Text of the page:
Steve Crocker

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Steve Crocker in 2005
Steve Crocker

Stephen D. Crocker (born October 15, 1944, in Pasadena, California) is the inventor of the Request for Comments series,[1] authoring the very first RFC[2] and many more.[3] He received his bachelor's degree (1968) and PhD (1977) from the University of California, Los Angeles.[4] Crocker is chair of the board of the Internet Corporation for Assigned Names and Numbers, ICANN.[5]

Steve Crocker has worked in the Internet community since its inception. As a UCLA graduate student in the 1960s, he was part of the team that developed the protocols for the ARPANET which were the foundation for today's Internet.[6] For this work, Crocker was awarded the 2002 IEEE Internet Award.[7]

While at UCLA Crocker taught an extension course on computer programming (for the IBM 7094 mainframe computer). The class was intended to teach digital processing and assembly language programming to high school teachers, so that they could offer such courses in their high schools. A number of high school students were also admitted to the course, to ensure that they would be able to understand this new discipline. Crocker was also active in the newly formed UCLA Computer Club.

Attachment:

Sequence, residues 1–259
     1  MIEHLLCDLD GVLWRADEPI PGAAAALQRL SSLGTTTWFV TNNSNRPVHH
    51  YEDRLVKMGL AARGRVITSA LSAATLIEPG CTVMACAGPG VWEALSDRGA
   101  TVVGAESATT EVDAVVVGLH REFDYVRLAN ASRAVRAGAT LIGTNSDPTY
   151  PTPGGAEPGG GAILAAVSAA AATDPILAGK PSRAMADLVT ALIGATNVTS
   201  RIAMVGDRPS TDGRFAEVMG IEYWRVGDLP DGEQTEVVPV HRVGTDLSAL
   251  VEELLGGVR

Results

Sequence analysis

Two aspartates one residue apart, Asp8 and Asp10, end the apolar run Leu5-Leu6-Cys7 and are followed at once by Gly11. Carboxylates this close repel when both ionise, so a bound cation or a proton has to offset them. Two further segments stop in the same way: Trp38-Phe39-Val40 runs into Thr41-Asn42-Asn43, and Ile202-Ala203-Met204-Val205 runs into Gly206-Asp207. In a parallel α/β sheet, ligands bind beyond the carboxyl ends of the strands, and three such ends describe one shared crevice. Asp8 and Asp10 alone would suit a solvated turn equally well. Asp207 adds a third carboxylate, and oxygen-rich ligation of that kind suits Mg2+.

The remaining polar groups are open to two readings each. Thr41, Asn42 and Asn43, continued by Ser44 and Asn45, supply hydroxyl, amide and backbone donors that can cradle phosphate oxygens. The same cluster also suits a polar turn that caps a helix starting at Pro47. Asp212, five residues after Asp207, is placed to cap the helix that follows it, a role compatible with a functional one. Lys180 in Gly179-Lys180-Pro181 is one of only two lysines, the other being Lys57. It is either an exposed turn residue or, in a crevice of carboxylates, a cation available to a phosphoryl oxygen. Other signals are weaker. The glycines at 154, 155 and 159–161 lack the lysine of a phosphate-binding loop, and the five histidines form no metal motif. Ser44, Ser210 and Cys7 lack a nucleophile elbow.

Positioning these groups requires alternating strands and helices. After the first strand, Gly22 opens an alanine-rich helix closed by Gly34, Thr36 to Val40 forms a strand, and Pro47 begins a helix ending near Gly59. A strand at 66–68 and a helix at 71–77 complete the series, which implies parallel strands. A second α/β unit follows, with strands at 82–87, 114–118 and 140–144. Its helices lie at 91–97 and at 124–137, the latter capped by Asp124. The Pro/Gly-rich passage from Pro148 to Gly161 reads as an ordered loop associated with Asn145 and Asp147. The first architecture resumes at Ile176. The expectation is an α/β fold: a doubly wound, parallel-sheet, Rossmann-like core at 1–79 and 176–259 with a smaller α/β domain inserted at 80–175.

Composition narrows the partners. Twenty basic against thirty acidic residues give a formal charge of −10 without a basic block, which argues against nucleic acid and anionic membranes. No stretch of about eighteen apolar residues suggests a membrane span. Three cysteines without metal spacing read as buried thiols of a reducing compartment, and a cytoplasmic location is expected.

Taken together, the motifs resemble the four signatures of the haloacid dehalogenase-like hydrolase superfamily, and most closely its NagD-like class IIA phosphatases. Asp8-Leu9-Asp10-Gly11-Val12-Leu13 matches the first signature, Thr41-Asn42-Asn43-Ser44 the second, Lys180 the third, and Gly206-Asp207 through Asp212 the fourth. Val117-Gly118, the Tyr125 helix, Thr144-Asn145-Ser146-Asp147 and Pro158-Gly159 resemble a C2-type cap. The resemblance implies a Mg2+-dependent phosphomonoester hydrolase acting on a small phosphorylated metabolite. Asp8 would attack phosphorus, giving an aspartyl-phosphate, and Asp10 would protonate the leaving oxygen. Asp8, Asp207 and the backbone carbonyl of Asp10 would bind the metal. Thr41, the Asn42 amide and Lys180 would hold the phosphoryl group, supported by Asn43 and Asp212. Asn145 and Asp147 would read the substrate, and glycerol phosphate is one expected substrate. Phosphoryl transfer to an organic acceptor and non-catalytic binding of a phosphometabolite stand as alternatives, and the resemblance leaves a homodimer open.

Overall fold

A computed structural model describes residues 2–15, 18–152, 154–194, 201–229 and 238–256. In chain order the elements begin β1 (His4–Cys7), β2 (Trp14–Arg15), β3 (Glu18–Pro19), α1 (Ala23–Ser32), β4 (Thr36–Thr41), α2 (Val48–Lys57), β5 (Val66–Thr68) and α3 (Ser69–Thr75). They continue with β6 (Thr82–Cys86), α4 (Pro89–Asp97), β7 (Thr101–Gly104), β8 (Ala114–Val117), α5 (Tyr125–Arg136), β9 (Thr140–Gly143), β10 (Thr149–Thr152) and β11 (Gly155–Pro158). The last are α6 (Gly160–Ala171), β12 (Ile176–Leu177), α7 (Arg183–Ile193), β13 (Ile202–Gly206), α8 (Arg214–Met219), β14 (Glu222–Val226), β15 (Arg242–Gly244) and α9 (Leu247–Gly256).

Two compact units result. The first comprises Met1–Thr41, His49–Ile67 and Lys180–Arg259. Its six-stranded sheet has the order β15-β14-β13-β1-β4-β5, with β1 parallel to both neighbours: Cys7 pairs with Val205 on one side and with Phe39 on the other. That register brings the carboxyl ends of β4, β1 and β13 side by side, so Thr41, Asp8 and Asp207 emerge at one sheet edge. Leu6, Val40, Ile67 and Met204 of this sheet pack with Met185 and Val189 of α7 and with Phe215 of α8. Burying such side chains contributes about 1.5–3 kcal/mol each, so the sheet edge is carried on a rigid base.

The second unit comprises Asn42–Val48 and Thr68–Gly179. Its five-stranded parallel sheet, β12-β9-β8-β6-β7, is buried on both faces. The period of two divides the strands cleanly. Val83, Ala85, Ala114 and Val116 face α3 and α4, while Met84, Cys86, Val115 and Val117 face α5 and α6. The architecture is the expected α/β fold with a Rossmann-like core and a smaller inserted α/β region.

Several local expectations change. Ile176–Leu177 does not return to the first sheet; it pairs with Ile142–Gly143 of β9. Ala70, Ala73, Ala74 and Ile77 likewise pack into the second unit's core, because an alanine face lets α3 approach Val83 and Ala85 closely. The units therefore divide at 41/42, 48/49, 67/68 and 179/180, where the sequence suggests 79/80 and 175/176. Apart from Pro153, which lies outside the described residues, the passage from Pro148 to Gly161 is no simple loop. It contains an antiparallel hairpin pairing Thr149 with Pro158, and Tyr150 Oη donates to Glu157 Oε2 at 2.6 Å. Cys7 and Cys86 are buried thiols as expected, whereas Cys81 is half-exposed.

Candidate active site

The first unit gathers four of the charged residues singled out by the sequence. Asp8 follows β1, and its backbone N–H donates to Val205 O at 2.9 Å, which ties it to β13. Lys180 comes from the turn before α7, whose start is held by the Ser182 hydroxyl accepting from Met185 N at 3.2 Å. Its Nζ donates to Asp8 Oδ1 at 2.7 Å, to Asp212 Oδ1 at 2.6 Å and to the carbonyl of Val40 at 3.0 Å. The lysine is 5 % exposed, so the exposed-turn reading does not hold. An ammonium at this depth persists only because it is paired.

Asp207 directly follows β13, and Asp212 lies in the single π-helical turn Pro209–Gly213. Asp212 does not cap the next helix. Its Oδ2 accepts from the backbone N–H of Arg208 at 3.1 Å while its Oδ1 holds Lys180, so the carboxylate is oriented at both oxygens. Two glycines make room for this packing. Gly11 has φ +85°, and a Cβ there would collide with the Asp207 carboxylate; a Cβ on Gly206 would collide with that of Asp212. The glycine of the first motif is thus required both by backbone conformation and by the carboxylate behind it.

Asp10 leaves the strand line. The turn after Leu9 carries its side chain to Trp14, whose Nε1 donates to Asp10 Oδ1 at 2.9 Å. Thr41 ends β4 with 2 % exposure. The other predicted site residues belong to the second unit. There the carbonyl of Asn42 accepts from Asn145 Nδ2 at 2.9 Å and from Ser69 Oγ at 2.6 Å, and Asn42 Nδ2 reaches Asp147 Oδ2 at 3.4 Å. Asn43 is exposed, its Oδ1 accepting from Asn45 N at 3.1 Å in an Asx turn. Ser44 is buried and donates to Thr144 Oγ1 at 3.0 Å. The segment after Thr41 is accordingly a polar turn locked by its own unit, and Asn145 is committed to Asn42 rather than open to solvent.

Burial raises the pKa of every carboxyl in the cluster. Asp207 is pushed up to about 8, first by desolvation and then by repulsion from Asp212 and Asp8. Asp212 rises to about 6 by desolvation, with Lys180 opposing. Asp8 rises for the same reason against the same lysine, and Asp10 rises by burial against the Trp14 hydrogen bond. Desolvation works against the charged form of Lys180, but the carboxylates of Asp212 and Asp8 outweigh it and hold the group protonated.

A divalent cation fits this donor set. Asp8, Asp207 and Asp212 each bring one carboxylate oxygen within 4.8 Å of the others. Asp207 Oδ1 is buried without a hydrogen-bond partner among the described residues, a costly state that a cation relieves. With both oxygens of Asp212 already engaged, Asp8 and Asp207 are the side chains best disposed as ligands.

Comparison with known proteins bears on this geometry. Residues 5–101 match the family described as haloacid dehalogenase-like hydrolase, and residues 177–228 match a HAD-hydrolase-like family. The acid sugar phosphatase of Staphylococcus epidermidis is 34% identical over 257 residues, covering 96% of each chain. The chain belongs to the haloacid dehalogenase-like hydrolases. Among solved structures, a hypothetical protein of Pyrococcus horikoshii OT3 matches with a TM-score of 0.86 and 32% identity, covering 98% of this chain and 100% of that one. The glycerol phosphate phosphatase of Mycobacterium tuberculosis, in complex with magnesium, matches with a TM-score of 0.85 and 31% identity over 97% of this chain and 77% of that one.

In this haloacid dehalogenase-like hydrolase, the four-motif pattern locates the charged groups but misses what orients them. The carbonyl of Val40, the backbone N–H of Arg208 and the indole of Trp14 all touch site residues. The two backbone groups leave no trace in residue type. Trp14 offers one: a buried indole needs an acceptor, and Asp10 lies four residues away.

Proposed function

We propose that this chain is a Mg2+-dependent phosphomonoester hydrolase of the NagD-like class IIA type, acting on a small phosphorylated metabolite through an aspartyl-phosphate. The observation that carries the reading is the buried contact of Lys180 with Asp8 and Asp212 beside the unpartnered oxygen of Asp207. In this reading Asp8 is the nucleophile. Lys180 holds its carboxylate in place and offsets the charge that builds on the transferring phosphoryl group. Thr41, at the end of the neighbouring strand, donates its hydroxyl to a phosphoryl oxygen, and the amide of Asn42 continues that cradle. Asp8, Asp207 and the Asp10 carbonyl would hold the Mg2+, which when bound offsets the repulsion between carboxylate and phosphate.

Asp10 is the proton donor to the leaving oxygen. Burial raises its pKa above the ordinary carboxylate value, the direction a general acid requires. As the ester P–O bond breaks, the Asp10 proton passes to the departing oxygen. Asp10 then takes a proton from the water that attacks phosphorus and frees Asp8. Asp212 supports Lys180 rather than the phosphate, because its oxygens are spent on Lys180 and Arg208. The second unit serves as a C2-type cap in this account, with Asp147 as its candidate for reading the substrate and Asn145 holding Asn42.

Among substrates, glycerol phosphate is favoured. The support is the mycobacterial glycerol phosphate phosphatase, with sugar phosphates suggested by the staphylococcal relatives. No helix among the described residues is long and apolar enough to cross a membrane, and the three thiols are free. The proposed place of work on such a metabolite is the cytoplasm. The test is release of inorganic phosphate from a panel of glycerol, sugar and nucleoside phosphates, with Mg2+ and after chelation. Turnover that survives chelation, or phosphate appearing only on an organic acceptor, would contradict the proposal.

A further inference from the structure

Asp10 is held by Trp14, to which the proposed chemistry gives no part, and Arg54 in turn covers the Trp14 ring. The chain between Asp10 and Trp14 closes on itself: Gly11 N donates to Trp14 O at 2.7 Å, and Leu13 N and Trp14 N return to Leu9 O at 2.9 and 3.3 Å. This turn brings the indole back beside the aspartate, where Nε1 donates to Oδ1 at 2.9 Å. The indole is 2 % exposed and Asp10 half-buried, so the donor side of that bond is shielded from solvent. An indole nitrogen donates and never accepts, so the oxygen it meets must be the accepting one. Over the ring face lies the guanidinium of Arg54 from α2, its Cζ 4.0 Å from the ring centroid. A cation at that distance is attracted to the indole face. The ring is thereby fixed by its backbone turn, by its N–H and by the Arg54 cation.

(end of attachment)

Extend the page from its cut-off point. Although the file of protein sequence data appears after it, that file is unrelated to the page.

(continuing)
Crocker has been a program manager at Defense Advanced Research Projects Agency (DARPA), a senior researcher at USC's Information Sciences Institute, founder and director of the Computer Science Laboratory at The Aerospace Corporation and a vice president at Trusted Information Systems. In 1994, Crocker was one of the founders and chief technology officer of CyberCash, Inc. In 1998, he founded and ran Executive DSL, a DSL-based ISP. In 1999 he cofounded and was CEO of Longitude Systems. He is currently CEO of Shinkuro, a research and development company.

Steve Crocker was instrumental in creating the ARPA "Network Working Group", which later was the context in which the IETF was created.

He has also been an IETF security area director, a member of the Internet Architecture Board, chair of the ICANN Security and Stability Advisory Committee, a board member of the Internet Society and numerous other Internet-related volunteer positions.

In 2012, Crocker was inducted into the Internet Hall of Fame by the Internet Society.[8]

References[edit]

  1. ^ "I Remember IANA", V. Cert, RFC 2468, October 17, 1998.
  2. ^ Host Software, S. Crocker, RFC 0001, April 1969.
  3. ^ "RFC Index", Internet Engineering Task Force. Retrieved 14 September 2013.
  4. ^ Matthew Lyon (Fall 1997). "Wired!". UCLA Magazine. 
  5. ^ "ICANN news release". June 2011. 
  6. ^ "Official Biography: Steve Crocker", Internet Hall of Fame, Internet Society, retrieved 14 September 2013.
  7. ^ "IEEE Internet Award Recipients". IEEE. Retrieved 23 August 2013. 
  8. ^ 2012 Inductees, Internet Hall of Fame website. Last accessed April 24, 2012

External links[edit]